Microsoft's HomeStore: Home automation, with an iPhone-inspired twist

This month, in anticipation of the late October ACM Workshop on Hot Topics in Networking, Microsoft has posted its whitepaper on Microsoft Research's HomeOS and "HomeStore," an accompanying app store that researchers are patterning after the iPhone app store.
Written by Mary Jo Foley, Senior Contributing Editor

In September, I posted some information on a Microsoft Research project known as HomeOS -- an operating system designed to make heterogeneous devices and systems work together more seamlessly.

This month, in anticipation of the late October ACM Workshop on Hot Topics in Networking, Microsoft has posted its whitepaper on HomeOS and the "HomeStore," an accompanying app store that researchers are patterning after the iPhone app store.

HomeOS, as it is described in the October paper, is a centralized home-automation operating system that can handle everything from TVs, to smartphones, to lights. The prototype operating system is built on the .Net Framework and all of the proposed drivers and apps are also .Net-based.

Here's an overview diagram from a Microsoft researcher's HomeOS slide deck:

The new HomeOS paper -- entitled "The Home Needs an Operating System (and an App Store)" -- does not provide details as to what the base-level operating system would be. Some Windows variant? Or maybe it will be based on (or at least interoperable with) the Microsoft Research Menlo mobile operating-system initiative? Or maybe its core will be theSingularity microkernel developed by Microsoft Research? (Singularity already has been contemplated inside Microsoft as a home operating system candidate, noted Charon at Ma-Config.com, who is the one who sent me the link to the newly published HomeOS whitepaper.)

The researchers on the HomeOS project have been doing field visits to homes with automation systems, and have come to some early conclusions. They believe HomeOS' access control needs to incorporate the notion of time, to allow users to restrict access to certain devices at certain times. A HomeOS needs to restrict application access to certain resources, independent of the user who activates the app. It also needs to provide an easy-to-understand security-settings view, the researchers said.

The HomeStore -- "inspired by the iPhone model," according to the white paper -- would be a vehicle for simplifying the distribution of apps and devices connected by the HomeOS. It would also make recommendations and offer quality checks and ratings to users. From the white paper:

"The HomeStore verifies compatibility between homes and applications. Based on users’ desired tasks, it recommends applications that work in their homes. If a home does not have devices required for those tasks, it recommends appropriate devices as well. For instance, if a user wants integrated temperature and window control, the HomeStore can recommend window controllers if there exists an application that combines those window controllers with the user’s existing thermostat. In addition, the HomeStore can performbasic quality checks and support rating and reviewing to help identify poorly engineered applications and devices."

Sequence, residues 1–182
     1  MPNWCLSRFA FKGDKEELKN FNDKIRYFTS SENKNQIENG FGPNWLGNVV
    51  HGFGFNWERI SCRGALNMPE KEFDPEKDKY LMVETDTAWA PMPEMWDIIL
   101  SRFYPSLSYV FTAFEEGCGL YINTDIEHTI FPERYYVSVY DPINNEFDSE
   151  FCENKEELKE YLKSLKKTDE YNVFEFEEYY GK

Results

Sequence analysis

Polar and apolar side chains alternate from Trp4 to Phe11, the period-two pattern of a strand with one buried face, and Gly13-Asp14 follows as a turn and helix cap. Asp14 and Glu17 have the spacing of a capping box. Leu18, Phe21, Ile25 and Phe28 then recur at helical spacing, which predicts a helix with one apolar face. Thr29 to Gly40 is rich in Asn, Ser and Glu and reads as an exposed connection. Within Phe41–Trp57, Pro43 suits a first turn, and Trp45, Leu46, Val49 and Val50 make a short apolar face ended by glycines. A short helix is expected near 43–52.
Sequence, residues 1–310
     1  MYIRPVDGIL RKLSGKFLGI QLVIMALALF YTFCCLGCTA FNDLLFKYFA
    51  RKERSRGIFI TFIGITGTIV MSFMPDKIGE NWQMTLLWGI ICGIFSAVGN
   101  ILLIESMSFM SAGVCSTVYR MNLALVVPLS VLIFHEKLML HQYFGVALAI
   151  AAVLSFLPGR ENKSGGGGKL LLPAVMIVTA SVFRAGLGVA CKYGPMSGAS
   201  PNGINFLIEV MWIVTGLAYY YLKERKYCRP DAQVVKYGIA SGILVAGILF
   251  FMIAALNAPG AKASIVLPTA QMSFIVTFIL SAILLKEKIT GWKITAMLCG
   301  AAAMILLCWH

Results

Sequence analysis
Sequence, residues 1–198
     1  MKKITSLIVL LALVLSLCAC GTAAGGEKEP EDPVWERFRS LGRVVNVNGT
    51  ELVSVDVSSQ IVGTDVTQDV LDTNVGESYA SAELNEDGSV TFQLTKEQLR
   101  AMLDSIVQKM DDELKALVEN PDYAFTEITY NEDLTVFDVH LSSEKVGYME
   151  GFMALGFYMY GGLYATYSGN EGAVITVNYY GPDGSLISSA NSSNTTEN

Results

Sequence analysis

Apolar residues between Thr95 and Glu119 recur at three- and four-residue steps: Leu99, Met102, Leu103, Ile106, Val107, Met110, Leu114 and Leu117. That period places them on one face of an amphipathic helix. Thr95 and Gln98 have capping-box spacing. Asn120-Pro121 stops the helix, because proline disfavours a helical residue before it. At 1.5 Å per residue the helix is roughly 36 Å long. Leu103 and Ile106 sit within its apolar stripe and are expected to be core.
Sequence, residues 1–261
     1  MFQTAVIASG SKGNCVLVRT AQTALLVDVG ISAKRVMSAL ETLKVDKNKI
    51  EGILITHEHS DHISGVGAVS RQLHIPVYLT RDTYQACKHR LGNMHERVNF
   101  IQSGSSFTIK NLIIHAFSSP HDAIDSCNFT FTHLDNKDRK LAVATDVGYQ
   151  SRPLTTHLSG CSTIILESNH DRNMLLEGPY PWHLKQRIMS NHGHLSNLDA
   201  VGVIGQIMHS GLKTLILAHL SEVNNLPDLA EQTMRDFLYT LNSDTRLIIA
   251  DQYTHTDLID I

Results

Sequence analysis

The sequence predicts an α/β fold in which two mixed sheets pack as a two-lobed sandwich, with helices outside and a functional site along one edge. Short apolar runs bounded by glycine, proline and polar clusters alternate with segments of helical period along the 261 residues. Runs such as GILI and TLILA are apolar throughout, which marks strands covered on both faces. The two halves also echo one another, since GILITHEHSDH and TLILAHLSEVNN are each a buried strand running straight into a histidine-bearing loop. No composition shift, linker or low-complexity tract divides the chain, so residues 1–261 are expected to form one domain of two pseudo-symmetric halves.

Interestingly, Microsoft is not pushing for a single, Microsoft-controlled HomeStore.

"We do not intend for the HomeStore to become the sole gatekeeper for home applications. Towards this end, we allow for multiple HomeStores, and users can visit the one they trust most.," the researchers noted in the paper.

(That sounds somewhat like the Windows 8 app store model that Microsoft was considering, based on leaked slides. Different OEMs would each have its own app store, rather than there being a single, centrally-run Microsoft app store only.)

It's early days for HomeOS and HomeStore, the researchers noted. The team has set up a test bed with a variety of devices found in today's homes. So far, they've implemented drivers for the DLNA media standard, ZWave home-automation standard, a video camera and a Windows Mobile smartphone, the paper states.

The team also has written three sample applications that make use of multiple devices, including a "sticky media" app that plays music in parts of the house that are lit up, but not other rooms; a two-factor-authentication app that uses audio from smartphones and images from a front-door camera to turn on lights when a user is identified; and a home browser for viewing and controling a user's access to all devices in a home.

Microsoft execs, including Chairman Bill Gates back in the early part of this decade -- have been envisioning a world where .Net coffee pots, bulletin boards and refrigerator magnets would be part of homes where smart devices would communicate and interoperate. It looks like Microsoft hasn't given up on that dream....

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